The film isn't based on any Philip K. Dick story or Rod Serling or Richard Matheson concept. I mean, the title cards for this film could easily have read: "Inspired by The Twilight Zone...and the Outer Limits...and Robin Hood...and Les Miserables ... and Logan's Run..." But then again, most movies of this type are mishmashes. Some may notice that Niccol was obviously constrained by a bit of small budget here (the film looks like it was shot mostly within about a six-block radius of some rundown downtown). But I liked that. The film isn't over-designed or overstuffed with digital effects. It's more interested in its concept and its ideas of time, mortality, social justice, and so forth.

That said, I do wish Niccol was a better director of action. He seems to have a fetish for Timberlake running in this film. When he gets stuck on how to draw out an action sequence or bring such a scene to a conclusion, his direction seems to be: "Run, Justin! Run!" I also wish the movie had gone even deeper into its own mythology and given us some deeper characters. It's almost too much of a chase flick and a heist picture. The film raises some great questions and could have been a really classic mind trip. And I do think Niccol's intention was to send his audience home with questions in their head. Questions like: "Are we really spending our precious minutes of life on things and pursuits that are worthwhile?" Or, even better, "If you won't give a few bucks to someone in need, would you give a few minutes to someone who is literally about to expire even if that means you'll be closer to your own death?"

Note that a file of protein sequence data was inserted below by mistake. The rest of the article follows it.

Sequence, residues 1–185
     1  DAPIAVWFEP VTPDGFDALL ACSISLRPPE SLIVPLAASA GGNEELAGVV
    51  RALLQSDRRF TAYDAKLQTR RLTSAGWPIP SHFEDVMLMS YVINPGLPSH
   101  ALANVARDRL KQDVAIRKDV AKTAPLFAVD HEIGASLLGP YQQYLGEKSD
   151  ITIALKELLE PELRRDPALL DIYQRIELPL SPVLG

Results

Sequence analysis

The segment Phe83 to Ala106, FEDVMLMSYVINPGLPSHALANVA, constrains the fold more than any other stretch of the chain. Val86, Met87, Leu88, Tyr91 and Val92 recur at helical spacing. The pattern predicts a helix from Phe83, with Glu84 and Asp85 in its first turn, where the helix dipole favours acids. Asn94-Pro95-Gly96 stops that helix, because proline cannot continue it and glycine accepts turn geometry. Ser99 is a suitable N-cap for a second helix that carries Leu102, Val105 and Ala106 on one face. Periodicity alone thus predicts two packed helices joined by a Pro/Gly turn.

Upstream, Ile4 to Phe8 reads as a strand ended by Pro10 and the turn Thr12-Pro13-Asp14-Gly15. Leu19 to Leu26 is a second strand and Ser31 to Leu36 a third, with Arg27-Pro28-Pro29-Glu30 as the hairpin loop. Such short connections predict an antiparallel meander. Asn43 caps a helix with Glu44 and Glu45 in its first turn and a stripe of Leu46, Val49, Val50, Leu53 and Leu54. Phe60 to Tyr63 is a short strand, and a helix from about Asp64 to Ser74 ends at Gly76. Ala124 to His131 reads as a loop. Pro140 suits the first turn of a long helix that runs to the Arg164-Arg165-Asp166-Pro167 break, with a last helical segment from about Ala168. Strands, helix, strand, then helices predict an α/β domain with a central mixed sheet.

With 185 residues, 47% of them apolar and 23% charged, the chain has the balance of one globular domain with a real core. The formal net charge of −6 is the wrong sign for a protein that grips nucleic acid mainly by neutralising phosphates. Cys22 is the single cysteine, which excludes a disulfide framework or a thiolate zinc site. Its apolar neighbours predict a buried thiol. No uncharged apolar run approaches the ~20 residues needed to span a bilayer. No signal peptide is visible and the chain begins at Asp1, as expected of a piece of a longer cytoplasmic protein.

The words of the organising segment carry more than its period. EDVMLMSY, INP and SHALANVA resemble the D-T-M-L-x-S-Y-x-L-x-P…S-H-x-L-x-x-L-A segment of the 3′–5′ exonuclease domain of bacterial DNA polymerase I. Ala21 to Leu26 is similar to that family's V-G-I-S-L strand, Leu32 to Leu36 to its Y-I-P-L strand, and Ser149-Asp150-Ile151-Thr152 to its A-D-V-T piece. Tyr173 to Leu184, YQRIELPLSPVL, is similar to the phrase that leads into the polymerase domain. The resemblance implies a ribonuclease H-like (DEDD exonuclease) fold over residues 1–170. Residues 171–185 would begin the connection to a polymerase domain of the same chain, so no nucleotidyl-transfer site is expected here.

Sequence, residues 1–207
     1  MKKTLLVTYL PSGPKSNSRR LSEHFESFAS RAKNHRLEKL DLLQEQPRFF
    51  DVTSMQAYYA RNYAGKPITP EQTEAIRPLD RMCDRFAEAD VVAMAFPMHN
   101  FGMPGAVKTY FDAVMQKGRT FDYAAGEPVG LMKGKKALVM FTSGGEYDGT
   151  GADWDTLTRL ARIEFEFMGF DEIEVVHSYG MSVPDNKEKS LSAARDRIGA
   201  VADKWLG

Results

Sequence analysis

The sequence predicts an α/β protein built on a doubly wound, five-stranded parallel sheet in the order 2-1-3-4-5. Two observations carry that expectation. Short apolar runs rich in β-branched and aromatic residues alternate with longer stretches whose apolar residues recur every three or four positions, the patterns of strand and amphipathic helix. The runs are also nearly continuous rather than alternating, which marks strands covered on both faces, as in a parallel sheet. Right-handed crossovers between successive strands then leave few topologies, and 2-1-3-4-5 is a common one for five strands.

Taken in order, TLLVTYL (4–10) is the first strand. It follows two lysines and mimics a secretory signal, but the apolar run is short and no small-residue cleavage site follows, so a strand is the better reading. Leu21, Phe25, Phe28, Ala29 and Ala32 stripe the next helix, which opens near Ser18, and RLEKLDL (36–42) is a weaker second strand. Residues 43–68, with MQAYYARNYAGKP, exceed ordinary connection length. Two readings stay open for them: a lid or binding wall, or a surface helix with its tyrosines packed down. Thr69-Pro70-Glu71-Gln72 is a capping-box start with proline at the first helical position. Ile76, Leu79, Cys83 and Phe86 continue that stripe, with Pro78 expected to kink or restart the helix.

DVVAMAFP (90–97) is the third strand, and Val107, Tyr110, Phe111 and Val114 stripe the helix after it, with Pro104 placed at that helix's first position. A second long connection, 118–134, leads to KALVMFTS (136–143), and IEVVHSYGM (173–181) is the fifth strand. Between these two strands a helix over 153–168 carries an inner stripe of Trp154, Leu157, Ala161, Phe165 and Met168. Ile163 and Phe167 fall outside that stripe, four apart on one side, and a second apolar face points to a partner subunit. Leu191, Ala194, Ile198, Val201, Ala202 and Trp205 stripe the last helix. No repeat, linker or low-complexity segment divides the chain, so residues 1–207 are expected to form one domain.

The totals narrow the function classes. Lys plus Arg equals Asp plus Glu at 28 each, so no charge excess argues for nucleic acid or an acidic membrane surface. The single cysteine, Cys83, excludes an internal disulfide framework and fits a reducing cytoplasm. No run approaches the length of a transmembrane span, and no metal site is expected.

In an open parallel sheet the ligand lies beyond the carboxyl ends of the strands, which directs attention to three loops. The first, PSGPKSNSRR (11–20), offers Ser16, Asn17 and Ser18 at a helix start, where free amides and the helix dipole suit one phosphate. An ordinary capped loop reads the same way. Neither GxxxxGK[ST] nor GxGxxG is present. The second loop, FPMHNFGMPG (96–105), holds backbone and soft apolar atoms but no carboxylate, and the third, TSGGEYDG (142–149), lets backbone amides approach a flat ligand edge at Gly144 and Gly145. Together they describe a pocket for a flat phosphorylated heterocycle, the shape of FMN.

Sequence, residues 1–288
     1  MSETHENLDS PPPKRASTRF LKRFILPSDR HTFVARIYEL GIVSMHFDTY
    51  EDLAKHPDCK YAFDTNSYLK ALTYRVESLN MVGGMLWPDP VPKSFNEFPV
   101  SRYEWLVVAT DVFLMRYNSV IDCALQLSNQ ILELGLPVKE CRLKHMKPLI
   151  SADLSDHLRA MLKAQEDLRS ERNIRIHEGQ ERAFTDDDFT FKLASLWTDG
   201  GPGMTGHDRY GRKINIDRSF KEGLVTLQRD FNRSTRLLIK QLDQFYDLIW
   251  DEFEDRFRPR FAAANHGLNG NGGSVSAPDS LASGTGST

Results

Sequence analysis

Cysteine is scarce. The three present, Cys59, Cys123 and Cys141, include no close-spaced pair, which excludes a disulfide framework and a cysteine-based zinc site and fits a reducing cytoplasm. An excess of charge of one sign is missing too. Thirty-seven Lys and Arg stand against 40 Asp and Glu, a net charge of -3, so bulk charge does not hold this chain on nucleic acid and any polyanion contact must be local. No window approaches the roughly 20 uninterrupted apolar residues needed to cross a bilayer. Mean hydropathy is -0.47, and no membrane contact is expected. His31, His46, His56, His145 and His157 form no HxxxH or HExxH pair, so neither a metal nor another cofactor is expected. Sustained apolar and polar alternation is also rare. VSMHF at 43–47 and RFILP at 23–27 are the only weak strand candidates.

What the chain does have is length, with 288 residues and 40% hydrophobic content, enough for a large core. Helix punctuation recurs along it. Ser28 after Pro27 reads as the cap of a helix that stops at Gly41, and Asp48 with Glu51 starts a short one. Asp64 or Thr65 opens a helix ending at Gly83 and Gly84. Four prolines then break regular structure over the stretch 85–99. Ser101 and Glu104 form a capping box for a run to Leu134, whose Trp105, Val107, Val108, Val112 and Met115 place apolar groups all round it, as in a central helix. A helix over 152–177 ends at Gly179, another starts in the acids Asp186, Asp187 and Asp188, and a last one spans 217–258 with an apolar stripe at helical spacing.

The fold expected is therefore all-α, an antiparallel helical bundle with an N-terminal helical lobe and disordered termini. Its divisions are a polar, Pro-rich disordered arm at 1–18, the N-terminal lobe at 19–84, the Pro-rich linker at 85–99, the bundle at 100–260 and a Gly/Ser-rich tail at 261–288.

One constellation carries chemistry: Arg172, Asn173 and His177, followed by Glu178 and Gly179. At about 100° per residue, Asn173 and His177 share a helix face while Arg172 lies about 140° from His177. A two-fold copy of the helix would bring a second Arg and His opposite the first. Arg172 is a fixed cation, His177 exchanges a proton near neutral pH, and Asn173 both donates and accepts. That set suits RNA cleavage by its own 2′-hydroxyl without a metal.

Yeah, you could ask yourself those things on the drive home after seeing this flick. As for me, I was left wondering, "How would any of those people know how much time they'd have left if they somehow had their left arms amputated?" Just a thought. I give the film a solid 6.5 out of 10. (T. Durgin)

Reviewed October 25, 2011 / Posted October 28, 2011